Ex-Aussie PM complains of “bullying” in climate change debate

The former Prime Minister of Australia has complained of “bullying” in the debate about climate change. In a speech in London last night John Howard, the ex-leader of the Australian […]

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By Vicky Ellis

The former Prime Minister of Australia has complained of “bullying” in the debate about climate change.

In a speech in London last night John Howard, the ex-leader of the Australian Liberal Party who led the country from 1996 to 2007, criticised the “religion” of climate change and suggested it was morally wrong for “wealthy” Western countries to dictate what energy sources developing countries can use.

Giving the fourth annual lecture for Global Warming Policy Foundation, a group sceptical of manmade climate change, Mr Howard said: “There has been bullying in this debate. I find particularly offensive use of the word ‘denier’. We all know what that means.”

Describing himself as an “agnostic” on the issue, he referred to some advocates of climate change mitigation as “zealots” for whom “the cause has become a substitute religion”.

He suggested there’s been a “shift” in the debate of late: “The global financial crisis has mugged the global warming debate with a heavy dose of reality…”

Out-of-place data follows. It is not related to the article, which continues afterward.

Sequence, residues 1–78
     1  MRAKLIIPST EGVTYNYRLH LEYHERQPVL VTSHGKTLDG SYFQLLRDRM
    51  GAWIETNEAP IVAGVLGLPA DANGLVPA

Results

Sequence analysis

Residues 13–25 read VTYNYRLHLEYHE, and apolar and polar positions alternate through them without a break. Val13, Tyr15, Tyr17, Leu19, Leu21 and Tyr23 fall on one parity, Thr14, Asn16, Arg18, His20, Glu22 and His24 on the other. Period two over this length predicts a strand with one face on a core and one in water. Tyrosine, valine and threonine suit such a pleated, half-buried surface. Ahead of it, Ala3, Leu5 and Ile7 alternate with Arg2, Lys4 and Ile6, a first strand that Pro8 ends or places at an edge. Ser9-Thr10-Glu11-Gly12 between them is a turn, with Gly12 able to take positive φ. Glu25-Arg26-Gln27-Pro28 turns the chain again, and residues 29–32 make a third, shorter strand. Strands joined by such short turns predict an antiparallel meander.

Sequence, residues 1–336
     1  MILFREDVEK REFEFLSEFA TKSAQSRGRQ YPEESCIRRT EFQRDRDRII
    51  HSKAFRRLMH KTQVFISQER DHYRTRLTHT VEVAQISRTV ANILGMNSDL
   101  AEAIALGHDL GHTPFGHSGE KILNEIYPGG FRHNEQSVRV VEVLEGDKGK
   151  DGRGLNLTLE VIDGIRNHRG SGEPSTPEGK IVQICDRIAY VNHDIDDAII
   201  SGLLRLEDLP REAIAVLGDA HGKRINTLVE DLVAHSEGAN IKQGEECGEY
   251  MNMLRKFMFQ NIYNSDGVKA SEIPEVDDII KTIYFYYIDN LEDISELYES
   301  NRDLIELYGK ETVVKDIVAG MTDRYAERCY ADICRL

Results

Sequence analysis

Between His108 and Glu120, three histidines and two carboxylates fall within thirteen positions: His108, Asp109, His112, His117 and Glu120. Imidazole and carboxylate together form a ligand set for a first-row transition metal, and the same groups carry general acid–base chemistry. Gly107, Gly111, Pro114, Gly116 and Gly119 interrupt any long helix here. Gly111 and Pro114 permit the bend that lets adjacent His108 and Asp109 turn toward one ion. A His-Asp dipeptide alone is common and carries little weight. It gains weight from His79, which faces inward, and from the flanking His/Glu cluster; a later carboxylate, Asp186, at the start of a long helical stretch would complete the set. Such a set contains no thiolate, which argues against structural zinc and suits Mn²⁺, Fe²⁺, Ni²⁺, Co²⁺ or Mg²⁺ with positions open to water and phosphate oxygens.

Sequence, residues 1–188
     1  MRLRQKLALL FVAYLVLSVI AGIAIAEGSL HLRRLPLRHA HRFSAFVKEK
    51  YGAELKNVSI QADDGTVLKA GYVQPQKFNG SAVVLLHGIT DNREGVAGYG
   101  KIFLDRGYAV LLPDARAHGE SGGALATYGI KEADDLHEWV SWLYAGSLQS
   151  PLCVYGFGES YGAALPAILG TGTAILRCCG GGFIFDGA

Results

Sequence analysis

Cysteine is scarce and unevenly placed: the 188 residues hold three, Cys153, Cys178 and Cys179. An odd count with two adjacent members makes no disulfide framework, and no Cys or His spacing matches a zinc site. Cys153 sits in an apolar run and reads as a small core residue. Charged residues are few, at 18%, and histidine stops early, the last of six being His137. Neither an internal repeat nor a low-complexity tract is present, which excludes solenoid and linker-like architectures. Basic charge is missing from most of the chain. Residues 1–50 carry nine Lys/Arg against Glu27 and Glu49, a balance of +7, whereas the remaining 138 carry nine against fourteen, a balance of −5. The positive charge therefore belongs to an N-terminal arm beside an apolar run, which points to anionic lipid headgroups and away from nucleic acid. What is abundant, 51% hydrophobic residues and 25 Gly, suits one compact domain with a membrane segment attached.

He also cast doubt on the likelihood of a global agreement on emissions such as a new Kyoto Protocol any time soon: “The key globally is the attitude of the US. What’s happened with shale is very significant. I don’t think they were ever going to enter a world agreement. I think we’re further away – further than a few years ago – from compact between USA and developing nations on global warming.”

Asked if the UK should follow Australia and scrap green taxes to lower bills, Mr Howard said drily, “You’re inviting me to do an Al Gore.”

He said energy prices in Australia weren’t quite as heated an issue as in the UK currently but claimed scrapping the carbon tax had been a key issue which helped fellow Liberal party man and new Australian Prime Minister Tony Abbott gain power earlier this year.